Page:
Christian leaders who claim to represent the larger movement often so thoroughly misrepresent the rest of us that many would cherish clearing the deck and starting from scratch. Today’s Christians believe we all need to learn how to disagree without being disagreeable. To listen more and speak less and perhaps infuse our debates with a modicum of respect. Turning imperative debates into an episode of The View doesn’t help anything.

People crave a civil society for both personal and pragmatic reasons. Most of humanity feels the offense of harsh words even when they are directed at others. … A coarse culture is also an unproductive culture—especially in a democratic society whose engine runs on compromise and coalition building. When incivility reigns, progress is stymied and compromise is replaced by stalemate. … Christians need a rapid infusion of what Peggy Noonan calls “patriotic grace,” which is to say, “a grace that takes the long view, apprehends the moment we’re in, comes up with ways of dealing with it, and eschews the politically cheap and manipulative.” Many of the folks I’ve spoken with want exactly that. They desire what John Murray Cuddihy called a “culture of civility.” They long for the day when the American public square will be a place of passionate but reasonable discussion—resembling the Greek agora more than the Roman Coliseum.

In addition to our sour tone, Christians must confront the brutal tactics that often walk hand in hand with the culture wars. Freud said, “Humans are wolves to fellow humans,” and culture warriors seem to be particularly adroit at destroying their prey. Entrenched in political ideology and armed with a political strategy, culture warriors make use of political tools to achieve political goals. In this mode, enemies are abundant and victory is paramount.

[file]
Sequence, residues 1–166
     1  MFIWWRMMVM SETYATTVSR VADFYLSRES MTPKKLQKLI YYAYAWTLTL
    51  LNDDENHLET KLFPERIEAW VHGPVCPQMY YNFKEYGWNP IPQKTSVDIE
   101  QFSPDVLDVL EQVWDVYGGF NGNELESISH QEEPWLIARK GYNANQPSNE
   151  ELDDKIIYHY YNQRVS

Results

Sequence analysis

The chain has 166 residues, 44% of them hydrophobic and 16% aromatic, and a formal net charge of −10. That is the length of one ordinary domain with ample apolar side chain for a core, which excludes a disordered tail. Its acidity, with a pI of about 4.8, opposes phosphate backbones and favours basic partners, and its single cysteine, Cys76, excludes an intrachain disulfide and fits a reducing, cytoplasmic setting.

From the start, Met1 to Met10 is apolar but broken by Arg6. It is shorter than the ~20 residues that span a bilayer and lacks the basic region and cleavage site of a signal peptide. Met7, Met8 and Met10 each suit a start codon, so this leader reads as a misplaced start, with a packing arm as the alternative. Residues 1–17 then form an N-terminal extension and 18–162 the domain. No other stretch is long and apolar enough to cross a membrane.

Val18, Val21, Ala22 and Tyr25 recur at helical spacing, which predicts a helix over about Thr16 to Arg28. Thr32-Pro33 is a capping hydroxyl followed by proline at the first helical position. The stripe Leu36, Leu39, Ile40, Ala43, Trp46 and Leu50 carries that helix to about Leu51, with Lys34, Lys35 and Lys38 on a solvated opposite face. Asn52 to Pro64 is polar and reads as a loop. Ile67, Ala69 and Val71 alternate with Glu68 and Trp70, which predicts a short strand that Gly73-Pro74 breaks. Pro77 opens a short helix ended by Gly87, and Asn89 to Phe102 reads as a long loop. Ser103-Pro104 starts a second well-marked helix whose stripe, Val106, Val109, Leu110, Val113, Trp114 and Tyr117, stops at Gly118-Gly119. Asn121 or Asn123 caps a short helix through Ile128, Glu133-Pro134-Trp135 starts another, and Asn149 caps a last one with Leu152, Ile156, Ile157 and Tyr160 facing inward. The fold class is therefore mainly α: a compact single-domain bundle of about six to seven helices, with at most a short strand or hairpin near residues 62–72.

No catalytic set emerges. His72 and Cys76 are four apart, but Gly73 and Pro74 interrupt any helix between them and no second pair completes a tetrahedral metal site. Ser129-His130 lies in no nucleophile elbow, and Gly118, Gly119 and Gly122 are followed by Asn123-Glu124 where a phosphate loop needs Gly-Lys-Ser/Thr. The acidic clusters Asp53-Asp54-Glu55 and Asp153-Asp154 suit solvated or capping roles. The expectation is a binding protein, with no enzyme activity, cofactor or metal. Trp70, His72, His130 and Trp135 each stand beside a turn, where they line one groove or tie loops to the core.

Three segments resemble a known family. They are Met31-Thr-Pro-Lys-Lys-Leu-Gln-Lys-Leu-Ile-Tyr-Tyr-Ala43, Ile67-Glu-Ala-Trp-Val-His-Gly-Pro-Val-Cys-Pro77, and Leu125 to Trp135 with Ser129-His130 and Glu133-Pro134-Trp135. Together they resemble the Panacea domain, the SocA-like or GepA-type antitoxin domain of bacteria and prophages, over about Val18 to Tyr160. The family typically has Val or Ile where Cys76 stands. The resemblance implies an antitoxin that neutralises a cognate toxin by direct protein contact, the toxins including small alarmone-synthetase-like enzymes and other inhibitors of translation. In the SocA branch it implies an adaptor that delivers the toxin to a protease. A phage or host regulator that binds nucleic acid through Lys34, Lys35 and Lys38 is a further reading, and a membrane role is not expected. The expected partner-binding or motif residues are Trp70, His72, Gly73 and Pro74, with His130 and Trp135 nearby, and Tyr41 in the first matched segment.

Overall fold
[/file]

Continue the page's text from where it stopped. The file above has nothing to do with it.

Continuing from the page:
Then, Merritt shares an anecdote about Ed Dobson, who we welcomed to the pages of ReadTheSpirit recently. The danger of advocating compassion and civility is that other culture warriors are not yet ready to lay down their arms. In his own recent years as an activist, Merritt explains that he has been targeted by angry voices from the Right more than once. Merritt writes:

Don’t expect to be embraced because you are a good person trying to accomplish a worthy goal or even because you’re “right.” Expecting culture warriors to leave you alone because you are a good person is like expecting a bull not to charge you because you are a vegetarian. Cal Thomas and Ed Dobson, once high-level leaders in the Moral Majority, say they saw this kind of marginalization employed on people who stepped out of sync with the movement. “Those who doubted or questioned our power were dismissed. Those who warned of danger were ignored, ridiculed, or condemned,” they write.

Ed Dobson admits that he was the victim of such treatment despite faithful service and conservative commitments. After leaving the Moral Majority, Dobson and several other religious leaders were invited to the White House to meet with President Bill Clinton. When interviewed by Christianity Today, he made some favorable comments about the president. Dobson later received a faxed copy of the article from Jerry Falwell. Across the margin, his former employer scribbled, “Unforgivable compromise. Don’t ever call me again.”

Ousting is a typical culture-war tactic. We take someone who has different thoughts or convictions and declare them anathema. We cut them off. Then we chop off anyone who likes that person. Then anyone who likes the person who likes that person also has to be cleaved. The result is an insulated group in an isolated echo chamber where conservatives become more conservative and liberals become more liberal. No one has permission to think for themselves.

Here’s a link to read the entire author interview with Jonathan Merritt.

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Originally published at, an online magazine covering religion and cultural diversity.